Organizing Against a Medication 'Gray Market'

By Abbie Ruzicka


Mar. 1, 2012


Medication shortages have become a problem nationwide. (Food and Drug Administration)

BOSTON — Massachusetts hospitals have been affected by a national prescription drug shortage that lawmakers, patients and health care workers are calling a crisis. The shortages include medicines used to treat various cancers as well as those used to control blood pressure and ADHD. It means a growing number of patients are not getting the medications they need. In extreme cases, patients have died. 
State Rep. Jeffrey Sánchez (D-Jamaica Plain), who heads the Joint Committee on Public Health, said the so-called gray market is a big part of the problem.
Drug companies sell to private distributors as well as hospitals. "Being private distributors they may, you know, calculate the market in a way that they see an increased demand," he said. "In some cases we've heard that they'll stockpile drugs — and not only stockpile drugs, they'll still try and get hospitals and others to purchase at up to 650 percent higher than the market list price."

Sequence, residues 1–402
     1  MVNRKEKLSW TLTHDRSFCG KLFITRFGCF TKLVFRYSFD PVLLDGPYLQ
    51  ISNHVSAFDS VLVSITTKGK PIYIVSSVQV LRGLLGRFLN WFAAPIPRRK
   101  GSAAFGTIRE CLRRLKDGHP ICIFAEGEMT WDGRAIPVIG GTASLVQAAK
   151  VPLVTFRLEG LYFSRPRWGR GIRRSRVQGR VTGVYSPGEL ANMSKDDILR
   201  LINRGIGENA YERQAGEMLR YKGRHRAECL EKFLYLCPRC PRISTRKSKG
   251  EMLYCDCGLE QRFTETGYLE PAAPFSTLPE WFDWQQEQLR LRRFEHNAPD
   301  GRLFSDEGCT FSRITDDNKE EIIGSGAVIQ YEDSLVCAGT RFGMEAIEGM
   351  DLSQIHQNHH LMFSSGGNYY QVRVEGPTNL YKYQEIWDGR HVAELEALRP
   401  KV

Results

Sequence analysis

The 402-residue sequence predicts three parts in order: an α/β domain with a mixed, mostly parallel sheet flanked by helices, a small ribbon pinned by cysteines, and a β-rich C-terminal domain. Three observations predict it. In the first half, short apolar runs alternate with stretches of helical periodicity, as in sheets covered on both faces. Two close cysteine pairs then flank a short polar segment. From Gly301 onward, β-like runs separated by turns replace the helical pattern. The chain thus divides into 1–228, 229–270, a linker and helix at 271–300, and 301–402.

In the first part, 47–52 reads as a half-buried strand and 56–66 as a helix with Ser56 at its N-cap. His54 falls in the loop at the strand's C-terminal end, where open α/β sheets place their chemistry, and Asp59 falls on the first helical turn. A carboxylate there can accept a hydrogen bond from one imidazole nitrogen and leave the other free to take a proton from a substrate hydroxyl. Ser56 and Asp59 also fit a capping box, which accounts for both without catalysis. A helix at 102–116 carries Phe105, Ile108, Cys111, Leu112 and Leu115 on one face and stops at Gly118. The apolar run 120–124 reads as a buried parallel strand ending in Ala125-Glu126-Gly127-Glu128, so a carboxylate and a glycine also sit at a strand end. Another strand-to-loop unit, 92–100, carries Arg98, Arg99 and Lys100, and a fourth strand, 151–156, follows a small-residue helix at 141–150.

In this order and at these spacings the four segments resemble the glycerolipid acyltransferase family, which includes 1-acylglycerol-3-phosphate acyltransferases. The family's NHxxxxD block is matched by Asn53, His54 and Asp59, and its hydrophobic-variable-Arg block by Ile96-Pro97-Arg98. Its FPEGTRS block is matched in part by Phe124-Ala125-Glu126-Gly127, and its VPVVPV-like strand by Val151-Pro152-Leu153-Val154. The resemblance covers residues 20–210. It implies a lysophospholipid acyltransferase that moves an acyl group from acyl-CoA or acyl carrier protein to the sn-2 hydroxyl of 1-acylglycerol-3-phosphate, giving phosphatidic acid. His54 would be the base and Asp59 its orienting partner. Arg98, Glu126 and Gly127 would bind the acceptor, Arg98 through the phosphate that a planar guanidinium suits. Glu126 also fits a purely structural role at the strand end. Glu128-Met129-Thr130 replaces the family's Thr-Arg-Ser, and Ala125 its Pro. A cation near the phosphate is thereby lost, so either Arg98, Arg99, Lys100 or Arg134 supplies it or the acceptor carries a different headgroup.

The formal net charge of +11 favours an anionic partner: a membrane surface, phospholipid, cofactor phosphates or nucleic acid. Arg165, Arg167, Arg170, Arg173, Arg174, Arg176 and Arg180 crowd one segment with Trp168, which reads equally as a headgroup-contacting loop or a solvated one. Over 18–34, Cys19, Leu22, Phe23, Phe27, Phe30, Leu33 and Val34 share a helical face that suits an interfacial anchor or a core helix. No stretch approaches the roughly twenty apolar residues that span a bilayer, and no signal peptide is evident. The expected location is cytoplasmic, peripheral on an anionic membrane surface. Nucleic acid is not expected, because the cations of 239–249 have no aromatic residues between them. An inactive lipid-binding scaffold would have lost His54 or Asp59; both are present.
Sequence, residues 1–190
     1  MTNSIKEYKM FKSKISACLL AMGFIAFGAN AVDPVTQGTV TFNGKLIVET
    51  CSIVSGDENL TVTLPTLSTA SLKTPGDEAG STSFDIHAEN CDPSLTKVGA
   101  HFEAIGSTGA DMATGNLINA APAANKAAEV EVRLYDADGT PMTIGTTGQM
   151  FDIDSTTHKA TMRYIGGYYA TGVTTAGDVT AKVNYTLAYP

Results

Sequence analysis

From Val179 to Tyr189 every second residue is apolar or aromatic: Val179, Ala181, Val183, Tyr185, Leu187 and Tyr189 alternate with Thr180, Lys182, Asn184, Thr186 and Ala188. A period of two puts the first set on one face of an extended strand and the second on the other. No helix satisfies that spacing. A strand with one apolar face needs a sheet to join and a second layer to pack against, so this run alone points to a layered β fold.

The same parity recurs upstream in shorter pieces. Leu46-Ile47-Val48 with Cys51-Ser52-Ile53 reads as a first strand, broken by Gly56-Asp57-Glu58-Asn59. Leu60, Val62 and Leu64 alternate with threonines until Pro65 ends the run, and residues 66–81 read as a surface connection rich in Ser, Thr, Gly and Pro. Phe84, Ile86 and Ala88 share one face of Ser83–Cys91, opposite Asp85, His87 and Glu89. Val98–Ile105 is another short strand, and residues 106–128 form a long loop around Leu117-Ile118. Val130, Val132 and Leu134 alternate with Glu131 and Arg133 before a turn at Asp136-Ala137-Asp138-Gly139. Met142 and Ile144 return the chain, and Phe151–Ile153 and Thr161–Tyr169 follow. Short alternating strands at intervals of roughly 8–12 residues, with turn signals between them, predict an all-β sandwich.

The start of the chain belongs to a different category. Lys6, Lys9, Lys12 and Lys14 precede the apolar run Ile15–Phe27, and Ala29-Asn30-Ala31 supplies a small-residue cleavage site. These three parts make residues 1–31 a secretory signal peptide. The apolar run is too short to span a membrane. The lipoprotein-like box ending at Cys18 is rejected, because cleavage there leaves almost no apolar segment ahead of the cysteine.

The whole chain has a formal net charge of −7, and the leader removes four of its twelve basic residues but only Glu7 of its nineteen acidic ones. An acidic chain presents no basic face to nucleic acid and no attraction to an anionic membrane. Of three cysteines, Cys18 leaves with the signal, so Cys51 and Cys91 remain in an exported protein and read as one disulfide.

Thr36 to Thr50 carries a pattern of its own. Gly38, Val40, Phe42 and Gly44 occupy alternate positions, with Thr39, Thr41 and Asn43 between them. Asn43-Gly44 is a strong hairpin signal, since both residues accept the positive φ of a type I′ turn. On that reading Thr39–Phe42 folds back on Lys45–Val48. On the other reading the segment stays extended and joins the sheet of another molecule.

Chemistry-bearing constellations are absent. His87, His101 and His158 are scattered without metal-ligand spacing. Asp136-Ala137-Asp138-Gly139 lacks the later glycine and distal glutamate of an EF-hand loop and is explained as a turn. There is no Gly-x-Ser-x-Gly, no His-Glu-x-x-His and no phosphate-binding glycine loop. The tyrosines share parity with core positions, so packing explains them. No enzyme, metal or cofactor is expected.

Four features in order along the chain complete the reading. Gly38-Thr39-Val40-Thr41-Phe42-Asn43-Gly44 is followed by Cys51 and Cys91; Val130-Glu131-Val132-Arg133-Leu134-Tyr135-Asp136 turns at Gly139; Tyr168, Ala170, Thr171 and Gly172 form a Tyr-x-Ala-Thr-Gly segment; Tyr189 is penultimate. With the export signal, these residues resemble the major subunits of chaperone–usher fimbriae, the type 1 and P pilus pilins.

William Churchill, the director of pharmacy at Brigham and Women's Hospital in Boston, said the health care industry needs to enforce behavioral and ethical changes.
Nothing is going to change "until we get a coalition of pharmacists, physicians, big pharma companies, drug distributors, legislators, regulators and patients together that work collaboratively to work through this process so that we can ensure that drugs are made available in an appropriate way and no hoarding is going on," he said. "We have to come to agreements as health care providers and hospitals and pharmacies that we're going to try to do the right thing."

> > Hear EXTENDED AUDIO, including the first-hand experience of one cancer patient.

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